If you’re someone who has trouble sleeping, be that trouble drifting off to sleep at night, or simply restlessness during the night, you’ve likely tried many things to improve your sleep fortunes. Sleeping pills maybe, or natural remedies such as valerian root, or chamomile tea before bed perhaps. But the chances are you’ve not considered and probably not tried a sleep mask. Whilst global sales for sleep masks do appear to be growing year on year, it’s at a reasonably modest rate, rather than sky high growth. So if you’ve not considered a sleep mask before, we’re here to tell you maybe you should. In addition to benefits to sleep quality, there are many other health benefits from sleeping with a sleep mask.
What Is a Sleep Mask?
A sleep mask, or eye mask, as they are also often know, is a fabric or material mask that rests over the eyes with enough material surrounding the eyes in all directions, above, below and to the sides, to effectively block out all light creating pitch black darkness. The mask is then typically secured around the back of the head with an elasticated band, about an inch in thickness, to ensure it stays in place during the night. Often considered something you might wear whilst travelling, like on a long haul flight for example, or something the ‘high maintenance’ among us might wear for their beauty sleep, a sleep mask is actually something that most of us could do with and gain benefit from, most of the time.
Why Use A Sleep Mask?
And so to the main event. Why would you wear a sleep mask, if you didn’t absolutely have to? There are two main buckets of reasons as to why you’d wear a sleep mask; (i) to improve your sleep quality, and then (ii) basically all the other health-related reasons to do so. In reality though it’s all connected as you’ll see, buts let’s start with improved sleep quality.
The body’s natural clock, your circadian rhythm, is influenced by a number of things, but one of the main factors is light. Be it natural light, or artificial light, our circadian rhythm can be disrupted by light pollution when we’re trying to sleep and during the night. If you sense light, because there is light – even in small quantities, your circadian rhythm can mistakenly believe it’s time to be awake, and hence prevents the production of a cocktail of hormones in the body that should be produced when we are asleep.
Melatonin for example, is a hormone produced in the brain’s pineal gland, that helps regulate our sleep cycle. Whilst naturally occurring in the body, its production and release into the bloodstream can be inhibited by light, and so called blue light in particular. Some people actually take melatonin as a supplement to their diet, but evidence of effectiveness in aiding sleep when introduced to the body in this way, is not strong. As melatonin levels increase within the body, we progress better through the various stages of sleep and onwards to deep sleep. Deep sleep, an advanced stage of the sleep cycle, is when your body renews and repairs itself for the day ahead.
The older we get the less deep sleep we enjoy, but even in increasingly shorter quantities as we age, deep sleep is important for things like memory, both short and long-term memory. It’s also important for learning, for growth and repair of body tissue, including muscles as well as bones. The healthy function of the immune system is also bolstered by good quality sleep.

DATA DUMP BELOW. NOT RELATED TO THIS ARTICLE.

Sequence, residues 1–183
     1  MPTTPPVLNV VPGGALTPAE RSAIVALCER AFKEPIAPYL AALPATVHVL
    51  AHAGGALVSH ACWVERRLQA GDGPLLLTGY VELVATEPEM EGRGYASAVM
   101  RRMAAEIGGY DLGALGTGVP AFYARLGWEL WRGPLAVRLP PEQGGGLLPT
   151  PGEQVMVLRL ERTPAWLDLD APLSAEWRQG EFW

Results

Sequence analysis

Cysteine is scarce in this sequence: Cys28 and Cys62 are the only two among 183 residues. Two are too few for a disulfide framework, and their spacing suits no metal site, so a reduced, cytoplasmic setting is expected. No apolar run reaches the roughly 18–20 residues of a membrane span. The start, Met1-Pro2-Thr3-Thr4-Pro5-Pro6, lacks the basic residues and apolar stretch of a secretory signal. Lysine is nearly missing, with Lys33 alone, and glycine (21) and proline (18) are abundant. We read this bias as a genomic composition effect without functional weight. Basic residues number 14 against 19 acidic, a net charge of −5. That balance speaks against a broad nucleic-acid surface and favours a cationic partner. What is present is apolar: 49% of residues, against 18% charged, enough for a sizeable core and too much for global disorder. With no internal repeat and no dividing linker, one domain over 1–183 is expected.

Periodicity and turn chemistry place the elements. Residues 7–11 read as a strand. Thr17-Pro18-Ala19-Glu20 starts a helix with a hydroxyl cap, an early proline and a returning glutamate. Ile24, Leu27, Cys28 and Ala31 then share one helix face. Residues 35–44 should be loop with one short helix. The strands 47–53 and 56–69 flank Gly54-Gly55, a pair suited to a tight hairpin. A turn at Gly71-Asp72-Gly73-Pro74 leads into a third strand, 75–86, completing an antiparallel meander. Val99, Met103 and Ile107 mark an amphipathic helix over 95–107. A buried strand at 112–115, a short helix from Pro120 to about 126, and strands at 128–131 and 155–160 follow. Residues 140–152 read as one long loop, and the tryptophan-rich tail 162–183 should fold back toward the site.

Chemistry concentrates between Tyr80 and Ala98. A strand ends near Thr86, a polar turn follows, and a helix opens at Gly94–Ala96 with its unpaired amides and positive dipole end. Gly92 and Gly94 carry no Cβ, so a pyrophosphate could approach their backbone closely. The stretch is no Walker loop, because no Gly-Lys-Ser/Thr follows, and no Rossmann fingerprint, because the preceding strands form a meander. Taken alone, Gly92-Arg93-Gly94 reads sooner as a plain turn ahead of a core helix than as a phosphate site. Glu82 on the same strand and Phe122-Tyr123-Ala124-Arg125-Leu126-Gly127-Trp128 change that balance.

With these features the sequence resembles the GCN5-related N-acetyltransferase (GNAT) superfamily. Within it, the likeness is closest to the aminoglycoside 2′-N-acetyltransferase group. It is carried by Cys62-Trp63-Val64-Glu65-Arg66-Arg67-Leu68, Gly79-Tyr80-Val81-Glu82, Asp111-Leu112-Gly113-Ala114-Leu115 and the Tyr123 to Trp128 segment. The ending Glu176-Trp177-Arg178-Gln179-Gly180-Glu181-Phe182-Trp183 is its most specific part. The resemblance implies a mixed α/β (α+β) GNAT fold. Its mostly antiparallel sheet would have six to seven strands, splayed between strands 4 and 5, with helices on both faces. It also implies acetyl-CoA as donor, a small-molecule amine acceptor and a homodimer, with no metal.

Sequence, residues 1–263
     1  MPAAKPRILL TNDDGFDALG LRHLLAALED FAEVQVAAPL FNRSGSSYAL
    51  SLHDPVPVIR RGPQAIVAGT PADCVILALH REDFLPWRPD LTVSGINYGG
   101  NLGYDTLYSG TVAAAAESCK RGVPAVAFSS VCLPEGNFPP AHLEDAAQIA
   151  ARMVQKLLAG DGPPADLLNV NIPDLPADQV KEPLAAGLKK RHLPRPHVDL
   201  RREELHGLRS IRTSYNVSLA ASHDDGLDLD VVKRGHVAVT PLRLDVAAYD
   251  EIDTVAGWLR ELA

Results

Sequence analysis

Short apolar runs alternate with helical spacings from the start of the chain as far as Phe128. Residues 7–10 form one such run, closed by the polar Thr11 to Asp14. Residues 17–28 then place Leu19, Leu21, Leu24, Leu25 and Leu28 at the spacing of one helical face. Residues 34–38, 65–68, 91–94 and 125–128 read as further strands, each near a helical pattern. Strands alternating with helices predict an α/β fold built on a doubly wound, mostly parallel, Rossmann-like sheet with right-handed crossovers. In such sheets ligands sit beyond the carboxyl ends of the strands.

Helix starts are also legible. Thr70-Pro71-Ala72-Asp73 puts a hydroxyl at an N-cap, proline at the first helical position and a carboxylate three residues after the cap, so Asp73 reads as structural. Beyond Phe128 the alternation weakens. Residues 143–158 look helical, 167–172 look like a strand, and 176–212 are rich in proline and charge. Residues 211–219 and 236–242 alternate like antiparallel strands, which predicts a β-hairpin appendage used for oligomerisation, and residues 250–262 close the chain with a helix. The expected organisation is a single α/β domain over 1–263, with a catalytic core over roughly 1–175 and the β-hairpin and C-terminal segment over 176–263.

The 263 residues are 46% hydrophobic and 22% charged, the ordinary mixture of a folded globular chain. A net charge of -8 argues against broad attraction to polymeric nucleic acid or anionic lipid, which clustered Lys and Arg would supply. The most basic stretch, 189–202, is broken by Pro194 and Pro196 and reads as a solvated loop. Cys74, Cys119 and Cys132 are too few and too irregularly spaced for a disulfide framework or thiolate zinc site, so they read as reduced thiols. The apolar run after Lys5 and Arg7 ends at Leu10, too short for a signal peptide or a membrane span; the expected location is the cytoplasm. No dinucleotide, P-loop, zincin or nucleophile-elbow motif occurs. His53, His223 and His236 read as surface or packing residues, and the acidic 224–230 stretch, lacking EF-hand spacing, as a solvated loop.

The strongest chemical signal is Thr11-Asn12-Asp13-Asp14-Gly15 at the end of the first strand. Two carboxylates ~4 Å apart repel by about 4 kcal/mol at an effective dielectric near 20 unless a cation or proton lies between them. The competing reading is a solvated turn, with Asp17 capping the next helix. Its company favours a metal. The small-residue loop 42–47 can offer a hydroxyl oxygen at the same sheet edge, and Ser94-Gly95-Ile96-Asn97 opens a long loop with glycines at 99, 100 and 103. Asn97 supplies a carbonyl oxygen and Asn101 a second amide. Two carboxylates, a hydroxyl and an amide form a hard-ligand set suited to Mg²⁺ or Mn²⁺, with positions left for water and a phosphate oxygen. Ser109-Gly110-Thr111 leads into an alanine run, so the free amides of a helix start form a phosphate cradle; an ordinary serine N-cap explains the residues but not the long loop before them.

But that’s not all, sleep quality, or lack of, is also linked to conditions such as heart disease, strokes and diabetes. Poor sleep quality and lack of sleep are also contributory factors to some mental health issues, such as anxiety and depression.
What Are Sleep Masks Made Of?
Sleep masks are available in a wide variety of materials, such as natural fibres like cotton and silk, and synthetic materials like polyester, as well as blends like polycotton.
There are a few things to consider when selecting the right mask for you. Firstly bear in mind you’re potentially going to be wearing it for a long time, through the whole night. And assuming you’re going to be wearing it every night, you’ll also be wearing it a lot – so it needs to be comfortable. Ideally you want to choose a breathable material, particularly for the warmer months of the year. In the height of summer, the last thing you want is something that makes your face and the area surrounding your eyes sweaty and clammy. Try it on before you buy if possible, and also think about your sleeping style, will it be comfortable if you sleep on your back or your side, or however it is you prefer to sleep?
If you’ve not used a mask such as this before, it will take some getting used to, as it’s a very different departure. If you don’t get off to a good start, do try and persevere for about a week or so before you throw in the towel and give up, as it can take that long to adjust.
The Future of Sleep Masks
It seems like everything around us is being impacted by the digital revolution, with relentless technological advancement and innovation – well the lowly sleep mask is no different. Dreamlight, an American company based in California, are bringing the sleep mask very much into the modern age with their range of smart masks.
Their masks have been created using 3D mapping technology to ensure a perfect fit with your face, and hence pitch black darkness perfect to the promotion of good sleep. They also incorporate heat therapy which aids relaxation and better rest. They also incorporate technologies to stimulate mindful breathing, and the production of melatonin. The Dreamlight’s heart-rate monitor and gyroscope capture your vital sleep data in a companion smartphone app, giving you personal insight into your sleep habits and patterns.
Whether you opt for an old school sleep mask, or something that looks like it would be more at home in a sci fi movie is your choice. But either way, give a sleep mask a try, you won’t believe what you’ve been missing out on!